Friday, July 22, 2011

No. 6: The manifesto contained too many dreams. (July 23, 2011)

The current government officially admitted that the Democratic Party was too optimistic about how to realize the promises mentioned in the manifesto. The party promised to realize lots of hard-to-realize dreams as if money falls from the sky, but scarcely any of them were realized. The Japanese bureaucracy remains unharmed despite the party’s declaration to crush it. There is no charge-free super expressway despite the party’s declaration to make the expressway toll free. The situation around Japan is growing serious and grave despite the party’s promotion of the spirit of fraternity, and the Okinawa issue still remains unsolved. The ear-pleasing phrases like “from concrete to people” have to change to more realistic ones. As always, windy eloquence ends in misery.

Thursday, July 21, 2011

No. 5: Disclose everything to minimize the damage should an accident occur. (July 21, 2011)

No company can be free from harmful rumor. The president of a Japan’s leading department store, Takashimaya Department Store, always asks his employees to disclose everything should an accident occur to minimize the damage. One day, the department store mistakenly sold a sandwich containing an egg-based material to a customer who should have bought an egg-less sandwich. It immediately announced the mistake using the in-house broadcast, but it was not able to specify the customer. Subsequently, it announced the mistake on its website and published a press release through mass media. Transparency is of the highest importance to corporate value, and it is vital to minimize the damage. The current Japanese government should have learned this golden rule. It did not disclose critical information in the Fukushima disaster supposedly on purpose not to let the Japanese worry about the worst scenario, but the worst scenario is developing contrary to its intent.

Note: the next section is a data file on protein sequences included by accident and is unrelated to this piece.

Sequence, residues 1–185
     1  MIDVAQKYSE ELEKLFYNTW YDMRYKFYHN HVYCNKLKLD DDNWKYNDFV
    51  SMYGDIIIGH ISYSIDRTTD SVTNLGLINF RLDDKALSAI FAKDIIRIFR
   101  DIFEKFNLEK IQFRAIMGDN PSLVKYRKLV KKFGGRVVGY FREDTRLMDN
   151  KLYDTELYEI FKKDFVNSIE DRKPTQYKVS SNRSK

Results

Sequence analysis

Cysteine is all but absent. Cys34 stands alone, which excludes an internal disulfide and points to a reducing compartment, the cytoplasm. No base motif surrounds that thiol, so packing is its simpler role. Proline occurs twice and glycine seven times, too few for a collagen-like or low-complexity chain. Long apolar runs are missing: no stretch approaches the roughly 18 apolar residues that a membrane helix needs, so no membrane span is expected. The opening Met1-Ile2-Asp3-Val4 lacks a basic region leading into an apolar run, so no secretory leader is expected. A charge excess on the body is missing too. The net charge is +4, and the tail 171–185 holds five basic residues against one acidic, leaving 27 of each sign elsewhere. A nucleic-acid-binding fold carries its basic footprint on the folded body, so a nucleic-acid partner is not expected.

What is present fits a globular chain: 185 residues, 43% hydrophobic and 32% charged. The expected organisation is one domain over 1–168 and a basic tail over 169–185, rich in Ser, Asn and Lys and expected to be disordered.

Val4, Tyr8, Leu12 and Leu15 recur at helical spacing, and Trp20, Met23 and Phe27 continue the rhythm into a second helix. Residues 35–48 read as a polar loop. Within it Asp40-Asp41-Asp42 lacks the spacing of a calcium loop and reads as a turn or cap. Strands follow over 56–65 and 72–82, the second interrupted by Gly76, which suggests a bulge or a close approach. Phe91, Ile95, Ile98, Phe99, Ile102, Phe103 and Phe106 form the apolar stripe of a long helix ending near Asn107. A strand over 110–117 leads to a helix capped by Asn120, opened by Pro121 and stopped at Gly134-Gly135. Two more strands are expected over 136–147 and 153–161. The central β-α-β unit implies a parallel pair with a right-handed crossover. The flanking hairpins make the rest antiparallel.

Wednesday, July 20, 2011

No. 4: It is an amazing cycle, isn’t it? (June 20, 2011)

The incumbent prime minister declared in a press conference that Japan would abandon nuclear power generation as a national policy. Under a fierce accusation, he said it was his personal opinion. A press conference is not a place to present a personal opinion. In addition, he is an outgoing prime minister. It is truly dishonorable for an outgoing prime minister to announce his personal opinion for the future of his country in a press conference. To make the story worse, there are scarcely any ongoing projects on the development of natural energy under the government initiative. This is because his administration cut expenditures for projects related to natural energy under the name of budget screening. You can easily imagine that lots of government committees, associations, and research institutes will be established for the development of natural energy, while lots of existing organizations related to nuclear energy will be closed. William Holden gave a very interesting comment to John Wayne in the John Ford’s movie “The Horse Soldiers.” He said, “One is dead, and one is born. It is an amazing cycle, isn’t it?”